China launched its Chang’e-4 moon mission aboard the Long March 3B launch vehicle to reach the far side of the moon for the first time, from the Xichang Satellite Launch Center in Sichuan Province in southwestern China. The China Aerospace Science and Technology Corporation (CASC), the main contractor for China’s space program, announced the launch. The completion of this mission will make China the first country to make a soft landing. Chang’e is the goddess of the moon in Chinese mythology.
Chang’e 4 is a lander-rover combination that will arrive at the South Pole-Aitken basin’s Von Karman crater following a 27-day journey. It has a combined mass of just under 4 metric tons, and carries cameras and science payloads to analyse the lunar surface geology. Among the cameras, it sports the Advanced Small Analyzer for Neutrals (ASAN) which is a contribution from Sweden.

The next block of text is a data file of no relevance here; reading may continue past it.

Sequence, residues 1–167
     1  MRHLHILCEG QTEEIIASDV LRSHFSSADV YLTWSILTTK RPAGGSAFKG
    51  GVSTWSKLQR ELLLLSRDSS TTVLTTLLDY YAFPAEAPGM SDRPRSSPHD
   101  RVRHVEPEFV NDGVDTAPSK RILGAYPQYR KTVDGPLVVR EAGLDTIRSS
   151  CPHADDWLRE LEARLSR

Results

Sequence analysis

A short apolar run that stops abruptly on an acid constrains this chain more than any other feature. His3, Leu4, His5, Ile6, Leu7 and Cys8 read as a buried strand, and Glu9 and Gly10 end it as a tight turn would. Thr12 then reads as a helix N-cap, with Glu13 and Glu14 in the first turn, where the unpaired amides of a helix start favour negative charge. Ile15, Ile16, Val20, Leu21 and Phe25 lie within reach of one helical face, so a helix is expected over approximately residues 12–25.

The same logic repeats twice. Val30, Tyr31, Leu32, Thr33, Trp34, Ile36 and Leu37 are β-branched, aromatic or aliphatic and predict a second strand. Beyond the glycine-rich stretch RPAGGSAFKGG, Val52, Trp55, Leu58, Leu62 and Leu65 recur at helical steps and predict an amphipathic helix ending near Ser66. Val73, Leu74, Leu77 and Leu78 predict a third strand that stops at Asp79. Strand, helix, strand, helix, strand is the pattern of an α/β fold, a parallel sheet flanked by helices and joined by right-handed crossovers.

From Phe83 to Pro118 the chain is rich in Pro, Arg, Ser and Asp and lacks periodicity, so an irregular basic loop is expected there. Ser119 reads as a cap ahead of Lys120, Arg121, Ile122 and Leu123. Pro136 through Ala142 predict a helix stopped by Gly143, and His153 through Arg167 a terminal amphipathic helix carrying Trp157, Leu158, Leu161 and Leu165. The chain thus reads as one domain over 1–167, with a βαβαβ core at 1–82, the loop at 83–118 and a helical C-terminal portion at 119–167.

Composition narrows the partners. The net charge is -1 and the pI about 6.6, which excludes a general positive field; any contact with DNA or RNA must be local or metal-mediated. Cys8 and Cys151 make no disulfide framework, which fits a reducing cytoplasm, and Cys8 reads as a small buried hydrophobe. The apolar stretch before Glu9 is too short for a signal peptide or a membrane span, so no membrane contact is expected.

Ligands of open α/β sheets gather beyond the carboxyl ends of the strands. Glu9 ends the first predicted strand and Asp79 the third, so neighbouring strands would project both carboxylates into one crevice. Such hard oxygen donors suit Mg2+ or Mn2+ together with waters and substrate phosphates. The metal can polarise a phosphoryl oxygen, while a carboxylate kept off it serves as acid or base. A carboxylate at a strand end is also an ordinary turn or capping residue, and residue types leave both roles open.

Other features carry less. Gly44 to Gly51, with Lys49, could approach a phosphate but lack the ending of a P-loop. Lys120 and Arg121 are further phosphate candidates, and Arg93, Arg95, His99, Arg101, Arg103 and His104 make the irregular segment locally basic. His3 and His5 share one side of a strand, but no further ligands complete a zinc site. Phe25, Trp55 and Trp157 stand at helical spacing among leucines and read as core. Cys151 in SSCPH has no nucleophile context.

It will perform radio-astronomical studies exploring both above and below the lunar surface and would plant a flag for humanity in a region that remains largely unexplored to date. Furthermore, to enable communication between controllers on Earth and the Chang’e 4 mission, China in May 2018 launched a relay satellite named Queqiao, or “Magpie Bridge,” after an ancient Chinese folk tale.
The 186-kilometer-diameter Von Kármán crater, is situated in the South Pole-Aitken Basin (SPA), a 2,500-kilometerwide, 12-kilometer-deep ancient impact crater. The moon’s far side is also known as the dark side because it faces away from Earth and remains comparatively unknown.